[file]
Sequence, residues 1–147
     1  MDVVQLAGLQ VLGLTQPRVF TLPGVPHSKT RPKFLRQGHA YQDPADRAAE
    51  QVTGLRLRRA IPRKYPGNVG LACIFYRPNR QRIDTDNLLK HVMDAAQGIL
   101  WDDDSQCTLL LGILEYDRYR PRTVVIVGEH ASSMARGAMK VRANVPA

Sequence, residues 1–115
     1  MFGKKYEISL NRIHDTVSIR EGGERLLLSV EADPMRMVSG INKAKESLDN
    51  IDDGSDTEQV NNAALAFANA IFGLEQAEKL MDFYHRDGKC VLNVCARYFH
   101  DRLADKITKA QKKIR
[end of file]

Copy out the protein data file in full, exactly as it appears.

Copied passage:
Sequence, residues 1–147
     1  MDVVQLAGLQ VLGLTQPRVF TLPGVPHSKT RPKFLRQGHA YQDPADRAAE
    51  QVTGLRLRRA IPRKYPGNVG LACIFYRPNR QRIDTDNLLK HVMDAAQGIL
   101  WDDDSQCTLL LGILEYDRYR PRTVVIVGEH ASSMARGAMK VRANVPA

Sequence, residues 1–115
     1  MFGKKYEISL NRIHDTVSIR EGGERLLLSV EADPMRMVSG INKAKESLDN
    51  IDDGSDTEQV NNAALAFANA IFGLEQAEKL MDFYHRDGKC VLNVCARYFH
   101  DRLADKITKA QKKIR